The article The Benefits of Trusted BFFs was published recently.
How Finding a Great Support Group Can Impact Your Personal and Professional Lives
Much has been written in the media in the last decade about women and their BFF’s (Best Friends Forever).
While I believe that is a solid concept, I have something I think is even better! How about having five BFF’s, all at the same time, and truly “forever” – i.e. for a lifetime? I have some, and these are known as my “Ya-Ya’s” – the name comes from the famous book by Rebecca Wells, later made into a movie with Sandra Bullock.
For over fifty years – truly the better part of a lifetime — all six of us in my own Ya-Ya group have been the deepest and most trusted friends. How did this come about, and what are the huge emotional and psychological advantages of having such a great support group? And perhaps even more intriguingly, how can these benefits impact your professional life? I’ll try to explain.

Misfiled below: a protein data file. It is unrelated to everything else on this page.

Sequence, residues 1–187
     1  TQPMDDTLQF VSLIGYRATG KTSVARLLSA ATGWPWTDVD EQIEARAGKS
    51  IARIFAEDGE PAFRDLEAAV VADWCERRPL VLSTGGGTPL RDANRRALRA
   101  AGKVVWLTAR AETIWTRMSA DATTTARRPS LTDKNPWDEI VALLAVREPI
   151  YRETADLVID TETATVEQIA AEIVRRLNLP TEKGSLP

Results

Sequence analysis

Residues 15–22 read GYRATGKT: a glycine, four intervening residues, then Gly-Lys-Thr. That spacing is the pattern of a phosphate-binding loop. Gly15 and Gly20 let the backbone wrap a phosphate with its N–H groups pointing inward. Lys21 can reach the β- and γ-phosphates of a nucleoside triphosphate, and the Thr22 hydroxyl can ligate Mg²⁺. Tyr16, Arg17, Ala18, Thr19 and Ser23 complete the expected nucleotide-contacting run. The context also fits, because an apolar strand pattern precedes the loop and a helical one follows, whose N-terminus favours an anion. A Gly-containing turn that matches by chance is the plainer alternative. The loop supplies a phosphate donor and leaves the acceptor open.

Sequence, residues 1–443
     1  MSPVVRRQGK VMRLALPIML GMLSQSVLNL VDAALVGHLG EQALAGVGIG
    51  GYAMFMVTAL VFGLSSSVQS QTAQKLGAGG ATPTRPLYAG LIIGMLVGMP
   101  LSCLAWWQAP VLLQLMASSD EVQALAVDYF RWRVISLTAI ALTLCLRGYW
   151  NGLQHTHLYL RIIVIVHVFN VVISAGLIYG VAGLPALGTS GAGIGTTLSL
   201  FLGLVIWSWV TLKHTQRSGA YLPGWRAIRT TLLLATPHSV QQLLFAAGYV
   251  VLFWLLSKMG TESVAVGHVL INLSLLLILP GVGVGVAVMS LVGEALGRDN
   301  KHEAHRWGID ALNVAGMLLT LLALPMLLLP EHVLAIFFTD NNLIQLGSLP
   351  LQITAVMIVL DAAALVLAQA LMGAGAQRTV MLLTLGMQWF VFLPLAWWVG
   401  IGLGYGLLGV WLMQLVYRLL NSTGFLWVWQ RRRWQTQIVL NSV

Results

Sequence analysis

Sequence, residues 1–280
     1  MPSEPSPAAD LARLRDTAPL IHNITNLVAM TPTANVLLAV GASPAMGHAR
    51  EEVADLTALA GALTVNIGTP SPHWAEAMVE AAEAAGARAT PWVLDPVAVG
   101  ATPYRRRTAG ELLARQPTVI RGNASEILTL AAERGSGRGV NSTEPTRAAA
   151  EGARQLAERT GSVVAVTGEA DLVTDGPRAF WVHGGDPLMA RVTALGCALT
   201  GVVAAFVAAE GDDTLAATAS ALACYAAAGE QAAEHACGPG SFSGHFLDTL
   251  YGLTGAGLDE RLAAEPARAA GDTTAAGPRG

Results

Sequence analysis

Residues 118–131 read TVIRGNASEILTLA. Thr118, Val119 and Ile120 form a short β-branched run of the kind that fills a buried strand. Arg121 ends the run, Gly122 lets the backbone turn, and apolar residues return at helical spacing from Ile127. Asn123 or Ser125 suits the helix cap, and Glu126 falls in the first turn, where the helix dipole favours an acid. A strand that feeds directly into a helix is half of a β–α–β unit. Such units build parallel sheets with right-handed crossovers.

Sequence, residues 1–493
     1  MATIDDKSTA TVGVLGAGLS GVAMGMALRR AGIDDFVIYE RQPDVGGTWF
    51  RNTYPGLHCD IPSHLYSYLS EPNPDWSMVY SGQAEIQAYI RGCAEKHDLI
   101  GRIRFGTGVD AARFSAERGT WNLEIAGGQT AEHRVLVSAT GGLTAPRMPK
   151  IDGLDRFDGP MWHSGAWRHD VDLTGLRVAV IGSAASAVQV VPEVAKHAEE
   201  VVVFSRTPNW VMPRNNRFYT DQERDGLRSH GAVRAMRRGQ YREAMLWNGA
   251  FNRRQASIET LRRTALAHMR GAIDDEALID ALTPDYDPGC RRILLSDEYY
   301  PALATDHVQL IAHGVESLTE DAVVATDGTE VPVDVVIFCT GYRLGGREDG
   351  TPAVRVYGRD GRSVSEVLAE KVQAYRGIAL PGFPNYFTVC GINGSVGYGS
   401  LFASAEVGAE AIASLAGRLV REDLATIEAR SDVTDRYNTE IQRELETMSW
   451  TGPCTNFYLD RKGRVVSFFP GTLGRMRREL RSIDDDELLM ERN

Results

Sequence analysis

Short-Term Help Yields a Permanent Prize of Friendship
I started my first business, named Atlanta Models & Talent, in my mid-20’s. As I began adding clients to my roster of talent, I searched for existing actors and personalities already in radio, television or on stage. In the early days, when I needed talent for a commercial or photography session, there would be an audition – sometimes a “cattle call,” meaning producers requested a LOT of talent before selecting a few. It was during those times that my soon-to-be-BFF’s and I first got to know one another.
As president of the agency, it was my responsibility to help the talent become more professional in the visual and vocal presentations they would do in front of directors and producers. For those who needed and requested more help, such as a portfolio, I started a side business to help with this aspect. Once I got started, there were so many professional women offering to help me with all of the various elements (print and video presentations, etc.). Once we started working together, what I noticed was the following: we all seemed to want to help one another, rather than to “win” at all costs. There were no “Queen Bees.” We did not know the meaning of the word “jealous.” We looked for solutions, not who to blame.
Beverly Kievman Copen writes for sharpheels.com a website catering to fashion, news, and lifestyle website for professional women.